The Girl Scouts turned 97 yesterday, but "there is not much to celebrate," says columnist Jane Chastain. "Membership is down. Cookie sales have dwindled, and they are floundering around trying to be relevant."
"Trying to be relevant," as in:
Yes, the GSUSA is dumping the "dorky" vests and "singalongs" around the campfire (the words of others, not my own) in an effort to be "cool" and "edgy." It's sad, really, like a senior citizen shopping for a bikini and getting a tattoo in an effort to be noticed.
Individual achievement and earning badges are out. Political correctness and self-esteem are in. Girls still will have an opportunity to earn badges -- for now -- but the emphasis is on the new Journeys programs, which focus on broad themes and encourage "groupthink."
Mothers, who "have traditionally been the backbone of scouting," are also on the outs:
Moms . . . have served as mentors and troop leaders, chauffeurs, fundraisers and organizers. Today, moms are being told to take a hike when their daughters become teenagers. Yes, moms are to be replaced at the most critical time in a girl's life with young adults or others judged to be suitably "hip" and trained by groups like the Ashland Institute who will lead their daughters down the garden path toward the New Age.
And "God" gets the "asterisk" treatment:
In 1993, God was reduced to an asterisk in the Girl Scout Promise. Sure, the Creator can still come along on these Journeys if a scout so desires, providing the great I AM can tolerate the moral relativism that permeates these programs.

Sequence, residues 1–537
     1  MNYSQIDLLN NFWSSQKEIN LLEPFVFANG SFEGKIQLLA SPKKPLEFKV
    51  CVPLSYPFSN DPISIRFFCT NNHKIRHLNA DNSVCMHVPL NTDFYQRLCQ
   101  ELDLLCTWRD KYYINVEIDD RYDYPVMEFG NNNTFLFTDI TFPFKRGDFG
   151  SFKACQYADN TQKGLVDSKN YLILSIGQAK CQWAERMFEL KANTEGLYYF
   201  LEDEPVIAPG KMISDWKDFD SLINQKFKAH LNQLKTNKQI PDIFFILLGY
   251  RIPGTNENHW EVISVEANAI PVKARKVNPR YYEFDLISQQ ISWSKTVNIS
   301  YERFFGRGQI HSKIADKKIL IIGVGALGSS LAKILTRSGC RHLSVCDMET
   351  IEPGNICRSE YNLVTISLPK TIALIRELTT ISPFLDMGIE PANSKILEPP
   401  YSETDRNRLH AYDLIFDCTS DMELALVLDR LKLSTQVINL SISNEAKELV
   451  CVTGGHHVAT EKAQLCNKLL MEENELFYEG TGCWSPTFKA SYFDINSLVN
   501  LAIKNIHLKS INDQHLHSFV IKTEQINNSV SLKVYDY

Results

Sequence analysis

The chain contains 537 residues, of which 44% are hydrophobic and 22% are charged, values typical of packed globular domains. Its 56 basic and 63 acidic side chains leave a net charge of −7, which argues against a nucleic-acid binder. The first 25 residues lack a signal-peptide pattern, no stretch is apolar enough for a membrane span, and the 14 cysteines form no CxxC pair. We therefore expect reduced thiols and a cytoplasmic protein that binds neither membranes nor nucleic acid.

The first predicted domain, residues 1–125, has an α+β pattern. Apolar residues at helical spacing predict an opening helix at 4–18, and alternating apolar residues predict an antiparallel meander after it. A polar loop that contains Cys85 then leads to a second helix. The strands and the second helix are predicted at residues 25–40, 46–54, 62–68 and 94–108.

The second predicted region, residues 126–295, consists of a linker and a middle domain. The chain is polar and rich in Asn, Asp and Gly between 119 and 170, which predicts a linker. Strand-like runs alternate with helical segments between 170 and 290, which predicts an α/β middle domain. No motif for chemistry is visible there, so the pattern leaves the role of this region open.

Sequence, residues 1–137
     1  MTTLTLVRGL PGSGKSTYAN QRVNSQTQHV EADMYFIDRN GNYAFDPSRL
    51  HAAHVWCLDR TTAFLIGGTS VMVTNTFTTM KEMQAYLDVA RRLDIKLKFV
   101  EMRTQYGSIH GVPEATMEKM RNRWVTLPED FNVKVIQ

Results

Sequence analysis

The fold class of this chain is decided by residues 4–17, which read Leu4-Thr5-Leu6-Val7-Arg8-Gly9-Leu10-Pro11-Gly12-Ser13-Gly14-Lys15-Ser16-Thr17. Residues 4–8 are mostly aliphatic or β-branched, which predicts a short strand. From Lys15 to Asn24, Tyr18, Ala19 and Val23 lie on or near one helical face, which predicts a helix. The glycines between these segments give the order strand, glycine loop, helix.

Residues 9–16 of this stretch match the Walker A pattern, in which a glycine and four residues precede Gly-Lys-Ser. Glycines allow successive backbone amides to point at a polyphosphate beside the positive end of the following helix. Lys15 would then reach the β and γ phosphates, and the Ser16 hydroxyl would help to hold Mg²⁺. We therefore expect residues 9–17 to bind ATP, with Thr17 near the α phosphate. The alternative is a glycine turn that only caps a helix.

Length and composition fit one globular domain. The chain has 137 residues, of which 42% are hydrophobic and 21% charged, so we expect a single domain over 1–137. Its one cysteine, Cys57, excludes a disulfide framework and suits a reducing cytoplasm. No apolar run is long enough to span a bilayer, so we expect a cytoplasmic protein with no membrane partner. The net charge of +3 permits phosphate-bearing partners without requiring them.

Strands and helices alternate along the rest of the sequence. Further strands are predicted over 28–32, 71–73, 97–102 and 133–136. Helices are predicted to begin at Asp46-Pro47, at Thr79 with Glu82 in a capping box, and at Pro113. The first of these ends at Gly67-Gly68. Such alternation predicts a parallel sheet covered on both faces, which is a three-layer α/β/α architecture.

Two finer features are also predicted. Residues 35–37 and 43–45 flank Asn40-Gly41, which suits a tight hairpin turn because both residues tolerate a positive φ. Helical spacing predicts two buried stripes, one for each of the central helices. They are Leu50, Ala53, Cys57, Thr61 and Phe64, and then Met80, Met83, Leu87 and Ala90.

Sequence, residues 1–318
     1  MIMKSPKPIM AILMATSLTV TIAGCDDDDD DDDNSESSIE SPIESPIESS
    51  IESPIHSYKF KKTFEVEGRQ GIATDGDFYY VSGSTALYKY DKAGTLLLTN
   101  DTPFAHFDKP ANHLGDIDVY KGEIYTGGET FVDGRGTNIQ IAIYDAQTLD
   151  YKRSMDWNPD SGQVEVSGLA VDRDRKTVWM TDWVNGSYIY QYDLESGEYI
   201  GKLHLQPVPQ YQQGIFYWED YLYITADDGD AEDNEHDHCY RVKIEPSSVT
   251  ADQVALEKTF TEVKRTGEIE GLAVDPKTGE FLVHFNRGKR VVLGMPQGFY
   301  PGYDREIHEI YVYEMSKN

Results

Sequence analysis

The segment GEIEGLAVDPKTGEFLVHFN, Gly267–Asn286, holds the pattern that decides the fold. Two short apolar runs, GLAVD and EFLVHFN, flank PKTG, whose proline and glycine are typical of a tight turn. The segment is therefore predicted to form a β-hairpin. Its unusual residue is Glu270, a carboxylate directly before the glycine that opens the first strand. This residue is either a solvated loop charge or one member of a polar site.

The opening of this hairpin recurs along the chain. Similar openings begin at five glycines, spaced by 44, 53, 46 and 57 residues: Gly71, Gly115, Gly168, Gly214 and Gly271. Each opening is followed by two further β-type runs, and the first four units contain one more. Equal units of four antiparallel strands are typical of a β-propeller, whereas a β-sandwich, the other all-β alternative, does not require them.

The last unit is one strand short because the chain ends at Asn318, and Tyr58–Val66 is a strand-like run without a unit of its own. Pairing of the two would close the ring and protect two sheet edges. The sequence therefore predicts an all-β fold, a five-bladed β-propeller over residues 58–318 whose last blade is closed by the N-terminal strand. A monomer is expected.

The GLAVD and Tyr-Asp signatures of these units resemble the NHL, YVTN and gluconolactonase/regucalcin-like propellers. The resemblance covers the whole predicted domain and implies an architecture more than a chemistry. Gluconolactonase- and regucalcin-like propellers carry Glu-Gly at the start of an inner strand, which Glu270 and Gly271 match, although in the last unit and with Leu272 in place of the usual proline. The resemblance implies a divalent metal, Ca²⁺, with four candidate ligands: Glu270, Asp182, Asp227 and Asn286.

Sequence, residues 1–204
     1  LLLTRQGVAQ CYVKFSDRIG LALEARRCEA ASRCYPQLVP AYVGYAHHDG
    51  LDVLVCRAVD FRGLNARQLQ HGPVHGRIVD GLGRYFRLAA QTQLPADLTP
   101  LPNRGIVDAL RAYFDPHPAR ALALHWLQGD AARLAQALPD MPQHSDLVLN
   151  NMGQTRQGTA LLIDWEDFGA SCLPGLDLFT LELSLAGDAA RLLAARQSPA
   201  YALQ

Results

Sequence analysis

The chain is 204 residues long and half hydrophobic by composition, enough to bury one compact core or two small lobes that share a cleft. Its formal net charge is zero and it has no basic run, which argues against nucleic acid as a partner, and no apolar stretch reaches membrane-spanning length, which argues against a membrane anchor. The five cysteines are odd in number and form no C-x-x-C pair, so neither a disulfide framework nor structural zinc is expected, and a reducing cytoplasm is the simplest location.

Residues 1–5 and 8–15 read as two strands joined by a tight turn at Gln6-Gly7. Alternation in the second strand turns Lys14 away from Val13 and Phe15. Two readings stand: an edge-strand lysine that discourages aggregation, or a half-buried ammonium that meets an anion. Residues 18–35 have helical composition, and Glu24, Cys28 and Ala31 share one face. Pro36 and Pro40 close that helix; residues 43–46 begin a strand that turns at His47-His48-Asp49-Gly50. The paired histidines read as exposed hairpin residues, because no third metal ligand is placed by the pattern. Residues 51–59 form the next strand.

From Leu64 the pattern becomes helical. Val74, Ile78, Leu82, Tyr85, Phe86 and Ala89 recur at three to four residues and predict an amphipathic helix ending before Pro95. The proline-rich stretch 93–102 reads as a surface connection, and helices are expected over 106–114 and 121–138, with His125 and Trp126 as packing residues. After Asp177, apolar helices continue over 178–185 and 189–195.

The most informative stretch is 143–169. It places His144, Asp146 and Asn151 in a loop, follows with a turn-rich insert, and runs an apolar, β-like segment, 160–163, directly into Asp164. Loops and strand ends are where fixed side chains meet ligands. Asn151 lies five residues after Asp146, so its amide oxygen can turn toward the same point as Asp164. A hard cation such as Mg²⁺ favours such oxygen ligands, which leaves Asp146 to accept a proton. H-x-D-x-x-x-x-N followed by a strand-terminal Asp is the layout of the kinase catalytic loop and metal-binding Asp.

What does this mean?
It means: Someone is celebrating.
The secularist. The socialist. The relativist. The feminist. And maybe a president.
A decline in membership and cookie sales is small price to pay to convert and thereby neutralize an organization that might stand in the way of radically redefined "hope" and "change." Some might think it's just the price of doing business. The community organizing business.
And well worth the price, I might add. The last thing radicals want is a free-thinking group that encourages strong girls to develop into strong women. They might question authority, and that could throw a monkey wrench into the ever-expanding Patriarchy on the Potomac.
"It is necessary to begin where the world is if we are going to change it to what we think it should be. That means working in the system," says Saul Alinksy in Rules for Radicals.
You may recall that Barack Obama was mentored in the "Alinsky method." He knows how to work the system. So when radicals rule a group in decline, don't be surprized if Obama celebrates.